Councils might need to chip in £10,000 to hire expert advice on devolution - and MORI could be asked for YOUR thoughts

PUBLISHED: 12:52 11 April 2016 | UPDATED: 12:52 11 April 2016

The flag of East Anglia, flying over County Hall. Pic: Norfolk County Council.

The flag of East Anglia, flying over County Hall. Pic: Norfolk County Council.

Submitted

Fenland Council leader John Clark revealed he was putting £10,000 aside – along with 22 other council leaders- in case they have to pay external consultants to advise them on devolution proposals for East Anglia.

Cllr Clark also said pollsters MORI were being considered to survey people across East Anglia over their views for a combined authority of three counties headed up by an elected mayor.

“I have to be very careful when I spend out council’s money,” he said after explaining that he had got permission to use the cash, if it is needed, during an all member devolution seminar earlier this week.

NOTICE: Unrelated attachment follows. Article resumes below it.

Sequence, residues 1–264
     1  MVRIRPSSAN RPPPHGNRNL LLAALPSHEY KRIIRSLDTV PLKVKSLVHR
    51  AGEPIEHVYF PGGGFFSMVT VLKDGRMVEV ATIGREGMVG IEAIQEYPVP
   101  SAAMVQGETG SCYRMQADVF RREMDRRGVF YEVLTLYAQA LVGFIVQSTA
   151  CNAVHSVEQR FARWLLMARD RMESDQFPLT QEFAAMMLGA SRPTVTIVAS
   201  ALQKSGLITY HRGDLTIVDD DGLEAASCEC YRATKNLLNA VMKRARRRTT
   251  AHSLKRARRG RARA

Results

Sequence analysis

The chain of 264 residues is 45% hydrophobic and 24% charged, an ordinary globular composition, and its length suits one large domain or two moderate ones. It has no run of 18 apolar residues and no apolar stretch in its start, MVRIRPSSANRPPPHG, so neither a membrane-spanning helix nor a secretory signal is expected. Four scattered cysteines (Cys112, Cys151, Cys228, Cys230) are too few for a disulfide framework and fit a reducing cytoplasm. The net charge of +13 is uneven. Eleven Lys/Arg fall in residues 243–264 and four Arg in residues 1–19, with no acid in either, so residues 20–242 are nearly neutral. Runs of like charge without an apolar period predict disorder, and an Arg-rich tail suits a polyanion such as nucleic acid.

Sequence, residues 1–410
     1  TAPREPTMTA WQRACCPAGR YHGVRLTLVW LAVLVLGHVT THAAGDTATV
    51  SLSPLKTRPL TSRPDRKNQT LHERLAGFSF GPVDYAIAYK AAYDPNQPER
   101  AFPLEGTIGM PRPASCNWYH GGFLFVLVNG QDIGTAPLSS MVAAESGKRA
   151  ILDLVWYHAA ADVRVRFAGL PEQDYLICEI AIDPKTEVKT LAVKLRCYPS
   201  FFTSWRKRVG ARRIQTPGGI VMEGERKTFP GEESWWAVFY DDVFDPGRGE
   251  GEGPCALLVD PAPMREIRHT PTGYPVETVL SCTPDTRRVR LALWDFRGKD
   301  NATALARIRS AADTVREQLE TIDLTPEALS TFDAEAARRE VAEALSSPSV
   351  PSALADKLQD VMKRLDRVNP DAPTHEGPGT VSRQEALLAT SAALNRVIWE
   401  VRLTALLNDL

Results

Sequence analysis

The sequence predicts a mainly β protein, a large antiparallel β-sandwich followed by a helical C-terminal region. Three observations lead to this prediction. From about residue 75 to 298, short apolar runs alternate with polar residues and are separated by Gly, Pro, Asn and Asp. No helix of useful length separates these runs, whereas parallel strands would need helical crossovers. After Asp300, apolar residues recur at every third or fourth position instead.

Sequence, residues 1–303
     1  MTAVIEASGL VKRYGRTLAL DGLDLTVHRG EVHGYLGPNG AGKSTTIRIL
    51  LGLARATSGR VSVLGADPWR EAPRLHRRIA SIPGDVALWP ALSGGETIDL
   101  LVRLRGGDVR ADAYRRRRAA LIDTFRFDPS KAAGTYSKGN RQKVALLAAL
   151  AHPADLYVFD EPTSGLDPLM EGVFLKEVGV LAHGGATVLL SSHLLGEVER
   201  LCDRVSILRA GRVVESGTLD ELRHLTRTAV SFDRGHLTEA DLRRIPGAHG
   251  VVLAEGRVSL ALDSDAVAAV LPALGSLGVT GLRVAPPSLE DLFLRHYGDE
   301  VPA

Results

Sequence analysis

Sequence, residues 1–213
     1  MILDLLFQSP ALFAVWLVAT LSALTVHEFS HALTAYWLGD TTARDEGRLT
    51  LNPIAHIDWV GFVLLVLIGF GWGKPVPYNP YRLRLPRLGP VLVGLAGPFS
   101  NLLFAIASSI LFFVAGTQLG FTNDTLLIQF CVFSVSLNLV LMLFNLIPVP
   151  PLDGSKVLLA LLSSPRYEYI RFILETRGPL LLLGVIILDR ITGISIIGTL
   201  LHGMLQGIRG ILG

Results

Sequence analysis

He said the external advice may be needed since the council’s own officers were being expected to put “meat on the bone” on devolution in addition to carrying on with their normal day jobs.

He said the decision to allocate up to £10,000 per council was made by all council leaders but he hoped this money could be found from elsewhere.

Cllr Clark said the Government would be asked to find the work and failing that the Local Government Association; finding the cash locally a last resort.

“If the worse comes to the worse £10,000 has been earmarked if I need it,” he said.

He insists Fenland Council had yet to decide if they would support devolution but the council’s website had been updated to include a special section devoted to explaining what it would mean.

He said officers were working on consultations “which may be done through a MORI poll- that is one of the ideas being considered. Consultation is central”.

Fenland Council, a signature to the draft agreement on devolution, has postponed its planned meeting on May 12 and a vote will not now be taken until the rescheduled meeting on July 1.

“This will provide the public, key stakeholders and ourselves with additional time to understand the many issues that devolution is presenting us all with,” he said.


If you value what this story gives you, please consider supporting the Cambs Times. Click the link in the orange box above for details.

Become a supporter

This newspaper has been a central part of community life for many years. Our industry faces testing times, which is why we're asking for your support. Every contribution will help us continue to produce local journalism that makes a measurable difference to our community.

Latest from the Cambs Times